Killing is also necessary for practical reasons. The Communist Party started as a group of thugs and scoundrels who killed to obtain power. Once this precedent was set, there was no going back. Constant terror was needed to intimidate people and force them to accept, out of fear, the absolute rule of the CCP.

On the surface, it may appear that the CCP’s killings were committed passively, as though various social incidents just happened to irritate the communist evil specter and trigger the Party’s killing mechanism. In truth, these “random” incidents serve to disguise the Party’s need to kill, as periodical killing is required by the CCP. Without these painful lessons, people might begin to think the CCP was improving and start to demand democracy, just as those idealistic students in the 1989 democratic movement did. Recurring slaughter every seven or eight years serves to refresh people’s memory of terror and provides a warning for younger generation: Whoever works against the CCP, wants to challenge the Party’s absolute leadership, or attempts to tell the truth regarding China’s history, will get a taste of the “iron fist of the dictatorship of the proletariat.”

Killing has become one of the most essential ways for the CCP to maintain power. Given the weight of its bloody debts, the Party laying down its butcher knife would be tantamount to encouraging people to take vengeance for its many crimes. Therefore, the CCP not only needed to conduct copious and thorough killing, but the slaughter also had to be done in a most brutal fashion to intimidate the populace effectively, especially early on, when the Party was establishing its rule.

Since the purpose of the killing was to instill maximal terror, the CCP selected its targets arbitrarily and irrationally. In every political movement, the CCP applied genocidal tactics. Take the Campaign to Suppress Counterrevolutionaries as an example: The CCP did not suppress reactionary behavior so much as the people it labeled reactionaries. Even if one had been enlisted and served a few days in the Chinese Nationalist army but took part in absolutely no political activities after the establishment of communist China, this person would still be killed because of his “reactionary history.” During the land reform campaign, in order to remove the “root of the problem,” the CCP often killed landowners along with their entire families.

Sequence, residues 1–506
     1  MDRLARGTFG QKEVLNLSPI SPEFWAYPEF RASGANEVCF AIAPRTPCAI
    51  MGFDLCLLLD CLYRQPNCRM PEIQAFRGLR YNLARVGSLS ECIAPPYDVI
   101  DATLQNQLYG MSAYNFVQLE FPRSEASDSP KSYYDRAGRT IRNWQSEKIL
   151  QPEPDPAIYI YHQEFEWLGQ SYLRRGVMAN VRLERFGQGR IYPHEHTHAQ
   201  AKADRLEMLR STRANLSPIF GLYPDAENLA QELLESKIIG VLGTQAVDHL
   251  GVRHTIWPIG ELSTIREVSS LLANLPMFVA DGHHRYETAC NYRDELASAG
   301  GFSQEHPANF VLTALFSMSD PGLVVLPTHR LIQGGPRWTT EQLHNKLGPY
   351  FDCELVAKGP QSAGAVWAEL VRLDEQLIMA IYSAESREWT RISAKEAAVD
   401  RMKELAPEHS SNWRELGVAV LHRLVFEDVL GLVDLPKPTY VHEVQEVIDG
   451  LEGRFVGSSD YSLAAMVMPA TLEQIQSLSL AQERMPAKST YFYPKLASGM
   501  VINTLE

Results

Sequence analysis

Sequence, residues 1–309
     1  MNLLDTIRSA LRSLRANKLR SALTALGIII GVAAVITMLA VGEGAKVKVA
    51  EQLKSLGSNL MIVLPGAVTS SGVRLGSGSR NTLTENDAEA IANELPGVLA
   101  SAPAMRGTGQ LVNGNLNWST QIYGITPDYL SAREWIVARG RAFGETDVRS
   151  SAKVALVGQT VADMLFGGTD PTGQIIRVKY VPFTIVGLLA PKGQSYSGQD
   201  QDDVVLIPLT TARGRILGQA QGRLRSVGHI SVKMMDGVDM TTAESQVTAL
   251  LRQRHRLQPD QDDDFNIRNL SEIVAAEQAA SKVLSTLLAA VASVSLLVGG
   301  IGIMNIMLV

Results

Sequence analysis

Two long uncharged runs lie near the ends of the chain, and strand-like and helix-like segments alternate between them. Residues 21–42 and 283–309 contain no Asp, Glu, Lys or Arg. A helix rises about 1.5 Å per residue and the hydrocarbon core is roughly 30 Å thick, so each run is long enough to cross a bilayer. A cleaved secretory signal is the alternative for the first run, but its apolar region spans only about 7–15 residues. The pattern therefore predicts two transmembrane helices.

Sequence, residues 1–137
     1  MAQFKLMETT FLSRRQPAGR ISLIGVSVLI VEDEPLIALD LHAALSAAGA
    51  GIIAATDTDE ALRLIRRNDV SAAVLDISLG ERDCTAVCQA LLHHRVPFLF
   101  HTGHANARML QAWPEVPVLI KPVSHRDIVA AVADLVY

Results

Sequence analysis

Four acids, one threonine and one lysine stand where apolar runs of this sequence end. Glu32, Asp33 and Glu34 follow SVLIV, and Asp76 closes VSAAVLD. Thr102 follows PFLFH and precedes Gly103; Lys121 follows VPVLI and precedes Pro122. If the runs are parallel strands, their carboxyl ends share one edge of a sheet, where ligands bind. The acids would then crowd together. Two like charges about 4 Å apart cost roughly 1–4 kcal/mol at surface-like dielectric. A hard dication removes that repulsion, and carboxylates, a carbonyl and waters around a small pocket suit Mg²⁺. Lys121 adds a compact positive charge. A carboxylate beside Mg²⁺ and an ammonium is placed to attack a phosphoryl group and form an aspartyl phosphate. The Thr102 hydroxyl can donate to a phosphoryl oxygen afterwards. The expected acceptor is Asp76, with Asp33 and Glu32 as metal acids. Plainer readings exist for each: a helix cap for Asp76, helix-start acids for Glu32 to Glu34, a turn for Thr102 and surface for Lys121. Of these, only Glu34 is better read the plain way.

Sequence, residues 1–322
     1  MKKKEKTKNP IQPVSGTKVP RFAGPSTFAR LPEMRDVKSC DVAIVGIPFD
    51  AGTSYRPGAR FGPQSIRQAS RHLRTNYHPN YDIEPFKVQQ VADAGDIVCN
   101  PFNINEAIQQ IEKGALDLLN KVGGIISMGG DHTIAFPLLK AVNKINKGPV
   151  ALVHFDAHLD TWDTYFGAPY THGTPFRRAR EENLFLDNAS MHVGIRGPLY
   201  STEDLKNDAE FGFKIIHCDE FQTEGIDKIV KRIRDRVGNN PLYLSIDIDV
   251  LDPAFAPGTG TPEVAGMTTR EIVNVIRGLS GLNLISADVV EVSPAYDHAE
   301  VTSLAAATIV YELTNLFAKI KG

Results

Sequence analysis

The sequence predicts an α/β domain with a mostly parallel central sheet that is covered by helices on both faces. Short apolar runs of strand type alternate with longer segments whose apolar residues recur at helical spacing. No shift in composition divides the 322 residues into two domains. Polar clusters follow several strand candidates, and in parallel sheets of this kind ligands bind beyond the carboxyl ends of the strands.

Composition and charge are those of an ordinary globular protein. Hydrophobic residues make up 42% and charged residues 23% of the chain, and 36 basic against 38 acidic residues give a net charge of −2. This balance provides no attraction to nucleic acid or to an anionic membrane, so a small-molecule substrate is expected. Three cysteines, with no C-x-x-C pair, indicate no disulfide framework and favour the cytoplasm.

Since 1949, more than half of China’s population has suffered persecution by the CCP, including an estimated eighty million who died from unnatural causes. This number exceeds the total number of deaths in both world wars combined.

As with other communist countries, the wanton slaughter committed by the CCP also includes brutal killings among its own ranks in order to remove dissidents who place their sense of humanity over Party nature. The CCP’s rule of terror falls equally on the populace and its members in an attempt to maintain an “invincible fortress.”

In a normal society, people show care and love for one another, hold life in awe and veneration, and give thanks to God. In the East, people say, “Do not impose on others what you would not want done to yourself.” [3] In the West, people say, “Love thy neighbor as thyself.” [4] Conversely, the CCP holds that “the history of all hitherto existing society is the history of class struggles.” [5] In order to keep alive the “struggles” within society, it must encourage hatred. Not only does the CCP itself take lives, it incites people to kill each other. It strives to desensitize people toward others’ suffering by surrounding them with constant killing. It wants them to become numb from frequent exposure to inhumane brutality and develop the mentality that the best one can hope for is to avoid being persecuted. All these lessons taught by brutal suppression enable the CCP to maintain its rule.

In addition to its destruction of countless lives, the Communist Party also aims to destroy the soul of the Chinese people. Countless people have become conditioned to react to the CCP’s threats by entirely surrendering their reason and their principles. In a sense, these people’s souls have died — something more frightening than physical death.